In recent years, Kuker was credited with rejuvenating the rural studio outpost where early '90s alternative classics like Nirvana's In Utero were recorded. Prior to purchasing the studio out of foreclosure in 2011, his energies were focused on operating Seedy Underbelly in Minneapolis. After he was evicted by the building's owner to make room for an apartment complex, the studio later expanded to New York and Los Angeles.
More on Seedy Underbelly's move to L.A.
Kuker was born in Iowa in 1974, later moved to Washington D.C., and his family eventually settled near Anoka, Minnesota, for the rest of his childhood. He later studied at Berklee College of Music in Boston, and then returned to the Twin Cities. "I admired him for how much he cared about people," says his 15-year-old son Max. "He taught me a lot about life and music, philosophy. He had a lot to say. Nobody else thinks like him. He just had the ability to make you happy. He had the best deadpan face I've ever seen."During the earlier Seedy Underbelly days, Kuker worked with Semisonic on their breakout Feeling Strangely Fine
, and later facilitated recordings
with Har Mar Superstar, Nick Cave, Yeah Yeah Yeahs, and Jimmy Eat World. Some more of his work is listed here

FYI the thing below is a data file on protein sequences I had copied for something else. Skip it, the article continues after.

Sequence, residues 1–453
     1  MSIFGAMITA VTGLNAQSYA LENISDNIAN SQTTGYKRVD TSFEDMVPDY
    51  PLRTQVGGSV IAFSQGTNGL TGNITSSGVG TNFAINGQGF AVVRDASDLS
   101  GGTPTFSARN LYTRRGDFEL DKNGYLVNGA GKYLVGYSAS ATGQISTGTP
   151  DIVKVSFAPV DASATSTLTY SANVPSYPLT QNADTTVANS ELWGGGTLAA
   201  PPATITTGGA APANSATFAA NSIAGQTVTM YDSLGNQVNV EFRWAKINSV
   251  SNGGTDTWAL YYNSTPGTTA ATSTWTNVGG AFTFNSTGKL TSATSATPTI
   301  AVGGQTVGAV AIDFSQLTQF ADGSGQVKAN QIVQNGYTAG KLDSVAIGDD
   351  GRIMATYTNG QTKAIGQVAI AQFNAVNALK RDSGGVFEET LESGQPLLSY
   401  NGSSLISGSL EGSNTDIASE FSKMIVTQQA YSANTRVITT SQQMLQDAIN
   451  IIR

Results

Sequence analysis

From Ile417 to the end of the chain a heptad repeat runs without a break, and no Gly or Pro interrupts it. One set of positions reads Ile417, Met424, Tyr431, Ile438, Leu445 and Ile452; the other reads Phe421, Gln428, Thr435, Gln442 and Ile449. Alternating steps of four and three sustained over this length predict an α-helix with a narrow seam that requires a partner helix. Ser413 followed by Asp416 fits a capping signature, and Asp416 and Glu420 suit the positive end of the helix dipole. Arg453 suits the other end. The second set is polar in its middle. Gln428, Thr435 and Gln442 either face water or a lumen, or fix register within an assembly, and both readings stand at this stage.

. Throughout it all, he was lending musical instruments and gear to his friends, and pushing them to try new artistic pursuits."John you were such a generous and joyful presence," Dan Wilson writes. "You helped me so much on my musical journey. The word 'sweet' keeps coming to mind. What a sweet sweet man. Deeply sorry to hear you're gone."Up until Pachyderm's purchase in 2011, the studio had fallen into such disrepair that there were squatters on the property. Under Kuker's supervision with engineer Nick Tveitbakk, the renovated complex had hosted artists including Trampled by Turtles, Hippo Campus, and Motion City Soundtrack. "It's a huge bummer for me," Tveitbakk says. "John was my best friend and was such a mentor to me. He taught me everything I know." He made it clear that with help from Kuker's older brother he's working to keeping Pachyderm and Seedy Underbelly's commitments and the legacy built alive.During Kuker's last communication with Gimme Noise, Kuker said he was planning a "real opener for the studio in June."Kid Dakota's Darren Jackson says he was on his way back to Pachyderm on Monday when he received news of Kuker's passing. The pair had collaborated in the studio together for well over a decade for Camaro, the (Olympic) Hopefuls, and -- as of earlier this year -- a new Kid Dakota record, which Kuker was particularly proud of. "John was a visionary," Jackson tells Gimme Noise. "He had amazing ideas and he was able to make them happen. He was kind and extremely funny. He was always very gentle. I don't know if a lot of people knew he was a great musician and songwriter too. I wish more of his songs had made it out into public. He was one of my best friends. He loved Minnesota music and that's why he bought Pachyderm and brought it back to life."Along with numerous close friends and family, Kuker leaves behind a brother, Matt, his mother, Pam, and son, Max, who lives in South Minneapolis with his mother, Amy Buchanan. Kuker also has a wife and two young children in Ukraine. Information on a memorial service is forthcoming.This story is developing. We will update this post as more information is available.